Side channels are a variant o theclassic covert-channel problem.Covert channels involve two or more processes collaborating tocommunicate via a shared re-source that they can both aectand measure. Attackers can ex-ploit these channels to bypass op-erating system protections such asmandatory access control that areintended to keep the processesseparate. For example, one processcan allocate memory while theother measures the amount o reememory. Through repetition o this behavior, the rst process canslowly communicate inormationto the second. The channel’s sig-nal-to-noise (S/N) ratio measuresits quality. For example, memoryallocations by unrelated processesmight skew some measurements,so a particularly busy systemmight have a low S/N ratio. Error correction methods can assist withthis case.Whereas covert channels in-volve the problem o preventingcooperation, side channel attacksare a purely adversarial problem.Side channels emerge becausecomputation occurs on a non-ide-al system, composed o transistors,wires, power supplies, memory,and peripherals. Each componenthas characteristics that vary withthe instructions and data beingprocessed. When this variance ismeasurable by an attacker, a sidechannel is present.Intelligence agencies have o-ten relied on side channel attacksto monitor their oes. In one clev-er incident, the Soviet Union pro-vided a large wooden seal to theAmerican consulate in Moscow.The US ambassador proudly hungit in his ofce ater it had beenexamined or covert transmitters.It appeared to be clean. Unbe-knownst to the ambassador, theseal contained a careully designedcavity that vibrated in responseto sounds in the room. The spiestransmitted a radio beam at the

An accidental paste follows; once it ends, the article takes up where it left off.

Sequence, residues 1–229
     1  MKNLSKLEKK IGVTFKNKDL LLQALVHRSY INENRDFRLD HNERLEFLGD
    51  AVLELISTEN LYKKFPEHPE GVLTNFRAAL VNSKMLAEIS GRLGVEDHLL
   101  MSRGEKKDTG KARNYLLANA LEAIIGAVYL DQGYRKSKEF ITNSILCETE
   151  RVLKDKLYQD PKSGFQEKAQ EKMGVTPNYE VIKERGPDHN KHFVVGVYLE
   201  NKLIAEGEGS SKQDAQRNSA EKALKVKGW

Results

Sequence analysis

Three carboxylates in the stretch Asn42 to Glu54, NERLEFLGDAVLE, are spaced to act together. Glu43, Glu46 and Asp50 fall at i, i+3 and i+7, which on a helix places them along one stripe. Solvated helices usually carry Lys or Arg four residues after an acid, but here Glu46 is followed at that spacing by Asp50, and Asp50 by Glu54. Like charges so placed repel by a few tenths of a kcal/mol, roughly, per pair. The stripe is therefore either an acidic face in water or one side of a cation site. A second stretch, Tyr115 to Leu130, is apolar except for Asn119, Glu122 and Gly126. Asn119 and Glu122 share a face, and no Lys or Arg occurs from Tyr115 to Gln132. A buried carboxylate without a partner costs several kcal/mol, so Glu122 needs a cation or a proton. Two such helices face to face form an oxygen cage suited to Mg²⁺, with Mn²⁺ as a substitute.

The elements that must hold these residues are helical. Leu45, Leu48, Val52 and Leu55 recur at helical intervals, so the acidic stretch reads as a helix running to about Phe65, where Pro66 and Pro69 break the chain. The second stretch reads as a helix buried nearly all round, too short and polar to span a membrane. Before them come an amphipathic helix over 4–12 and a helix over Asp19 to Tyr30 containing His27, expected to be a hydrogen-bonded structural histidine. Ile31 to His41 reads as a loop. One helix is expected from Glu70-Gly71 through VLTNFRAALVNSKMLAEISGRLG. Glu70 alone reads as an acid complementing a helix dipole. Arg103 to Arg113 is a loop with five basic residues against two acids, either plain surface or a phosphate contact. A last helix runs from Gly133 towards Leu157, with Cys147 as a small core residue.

W
hen it comes to cryptographic sotware,side channels are an oten-overlookedthreat. A side channel is any observableside eect o computation that an attack-er could measure and possibly inuence. Crypto is especially
N
ate
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awsoN
Root Labs
side Chnnel attck onCryptogrphic softwre

Crypto Corner
www.cop.og/c
73

Timing attacks have continu-ally improved, even being per-ormed against an SSL (SecureSockets Layer) implementationover a network.
2
New ways to l-ter jitter have improved the distin-guishability to 200 ns over a LANand 30
m
s over the Internet.
3
At-tacks have also exploited new sidechannels. Power consumption, RFand electromagnetic emissions,sound, vibration, and even heatgive away inormation about secretcomputations. These attacks aren’tmerely the subject o research pa-pers. Smartcards used or payment,transit, and satellite TV have beencompromised by both active aultinduction attacks (“glitching”) andside channel attacks. Hackers useda timing attack against a secretkey stored in the Xbox360 CPUto orge an authenticator and loadtheir own code.